Did You Know?
The mesothelium and its associated cancerous condition, mesothelioma, is relatively unknown by most people. It is most often found in men, but sometimes in women.
The mesothelium has different names, depending on its location in the body. The peritoneum is the mesothelial tissue that covers most of the organs in the abdominal cavity.
The mesothelium is a membrane that covers and protects most of the internal organs of the body. It is composed of two layers of cells: One layer immediately surrounds the organ; the other forms a sac around it.
The mesothelium produces a lubricating fluid that is released between these layers, allowing moving organs (such as the beating heart and the expanding and contracting lungs) to glide easily against adjacent structures.
The mesothelium is the membrane that lines three of the body's cavities: the pleura or thoracic cavity; the peritoneum or abdominal cavity; and the pericarium or heart sac. Mesothelial tissue is also found in the male internal reproductive organs (the tunica vaginalis testis) and it covers the internal reproductive organs in women (the tunica serosa uteri).
Mesothelium: Role in Disease
Mesothelioma Cancer (cancer of the mesotheium) is a disease in which cells of the mesothelium become abnormal and divides without control or order. Cells can invade and damage nearby tissues and organs. Cancer cells can also metastasize (spread) from their original site to other parts of the body. Most cases of mesothelioma begin in the pleura or peritoneum.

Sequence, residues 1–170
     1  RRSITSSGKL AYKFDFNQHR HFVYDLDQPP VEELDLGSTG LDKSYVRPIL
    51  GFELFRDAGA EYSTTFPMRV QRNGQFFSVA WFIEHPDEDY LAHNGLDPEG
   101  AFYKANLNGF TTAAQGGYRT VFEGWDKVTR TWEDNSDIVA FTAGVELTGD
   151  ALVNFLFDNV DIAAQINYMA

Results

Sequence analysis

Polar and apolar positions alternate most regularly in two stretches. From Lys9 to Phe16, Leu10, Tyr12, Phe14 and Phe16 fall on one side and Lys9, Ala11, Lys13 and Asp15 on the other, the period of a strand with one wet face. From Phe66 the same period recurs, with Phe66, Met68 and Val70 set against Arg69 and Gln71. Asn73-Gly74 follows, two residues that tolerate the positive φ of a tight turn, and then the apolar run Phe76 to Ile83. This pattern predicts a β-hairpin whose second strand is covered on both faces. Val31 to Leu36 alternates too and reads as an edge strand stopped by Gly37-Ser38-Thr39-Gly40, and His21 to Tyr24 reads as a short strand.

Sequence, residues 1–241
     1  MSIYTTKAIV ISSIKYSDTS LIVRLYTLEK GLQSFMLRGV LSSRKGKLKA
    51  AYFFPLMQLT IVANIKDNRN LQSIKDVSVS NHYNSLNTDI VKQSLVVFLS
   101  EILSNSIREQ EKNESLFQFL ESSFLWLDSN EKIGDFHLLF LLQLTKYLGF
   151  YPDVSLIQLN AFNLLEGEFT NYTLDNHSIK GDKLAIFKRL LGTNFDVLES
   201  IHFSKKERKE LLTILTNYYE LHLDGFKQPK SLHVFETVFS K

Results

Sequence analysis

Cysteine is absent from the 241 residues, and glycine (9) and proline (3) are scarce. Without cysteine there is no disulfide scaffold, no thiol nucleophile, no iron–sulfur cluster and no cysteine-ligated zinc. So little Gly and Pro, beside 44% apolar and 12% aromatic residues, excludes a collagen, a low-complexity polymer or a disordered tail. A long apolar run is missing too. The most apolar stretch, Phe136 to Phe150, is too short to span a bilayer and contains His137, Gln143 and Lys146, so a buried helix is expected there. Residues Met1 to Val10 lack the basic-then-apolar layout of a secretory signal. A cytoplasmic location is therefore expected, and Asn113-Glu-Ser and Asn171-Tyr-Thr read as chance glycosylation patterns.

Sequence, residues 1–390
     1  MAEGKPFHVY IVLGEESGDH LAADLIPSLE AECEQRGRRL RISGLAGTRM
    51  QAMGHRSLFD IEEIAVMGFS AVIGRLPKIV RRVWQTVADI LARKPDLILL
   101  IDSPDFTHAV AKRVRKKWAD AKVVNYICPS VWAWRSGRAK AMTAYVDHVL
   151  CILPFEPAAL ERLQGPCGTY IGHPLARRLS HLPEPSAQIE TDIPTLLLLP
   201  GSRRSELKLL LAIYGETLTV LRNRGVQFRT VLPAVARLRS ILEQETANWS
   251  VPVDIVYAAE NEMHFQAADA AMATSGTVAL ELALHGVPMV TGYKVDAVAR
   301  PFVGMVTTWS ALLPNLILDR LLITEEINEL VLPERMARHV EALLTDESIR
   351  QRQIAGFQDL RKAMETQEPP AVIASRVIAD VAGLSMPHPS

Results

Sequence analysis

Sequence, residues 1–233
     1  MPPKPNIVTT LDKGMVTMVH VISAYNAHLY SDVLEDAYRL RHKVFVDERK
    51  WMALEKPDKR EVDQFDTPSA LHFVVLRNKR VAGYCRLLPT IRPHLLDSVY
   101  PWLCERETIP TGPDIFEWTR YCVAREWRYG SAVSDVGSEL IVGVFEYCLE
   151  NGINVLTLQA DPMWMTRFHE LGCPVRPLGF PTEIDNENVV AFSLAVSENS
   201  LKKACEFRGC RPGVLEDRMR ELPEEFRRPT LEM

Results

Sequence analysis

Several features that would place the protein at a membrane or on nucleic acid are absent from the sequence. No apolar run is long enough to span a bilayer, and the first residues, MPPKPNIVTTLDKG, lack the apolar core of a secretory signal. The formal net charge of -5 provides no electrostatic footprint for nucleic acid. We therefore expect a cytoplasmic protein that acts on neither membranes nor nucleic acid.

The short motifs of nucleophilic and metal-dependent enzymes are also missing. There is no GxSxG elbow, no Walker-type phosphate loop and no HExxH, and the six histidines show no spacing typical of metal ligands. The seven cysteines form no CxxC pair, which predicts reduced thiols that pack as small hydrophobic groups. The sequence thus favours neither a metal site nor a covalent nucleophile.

As mesothelium lacks tight injuctions, an ultrastructure that closely links cells together it is prone to shedding during surgery. When this happens, the exposed surface can form adhesions with other surfaces, leading to intraabdominal (or rarely intrathoracal) adhesions.
The mesothelium comes from the mesoderm cell layer that lines the body cavity in the embryonic state. It becomes the layer of cells that covers and protects our internal organs. The mesothelium has two layers of cells. The first layer immediately surrounds the organ and the second layer is the sac that surrounds the cavity.
produces a lubricating fluid that is released between the two layers, allowing moving organs, such as the beating heart, the expanding lungs and the active intestine, to glide easily within the body cavity.
Mesothelioma Help Center is not designed to provide medical advice or is intended to be for educational use only. The information provided through Mesothelioma Help Center is not a substitute for professional care and should not be used for diagnosing or treating a health problem or a disease. If you have, or suspect you may have, a health problem we can refer you to a mesothelioma doctor or lawyer in your state.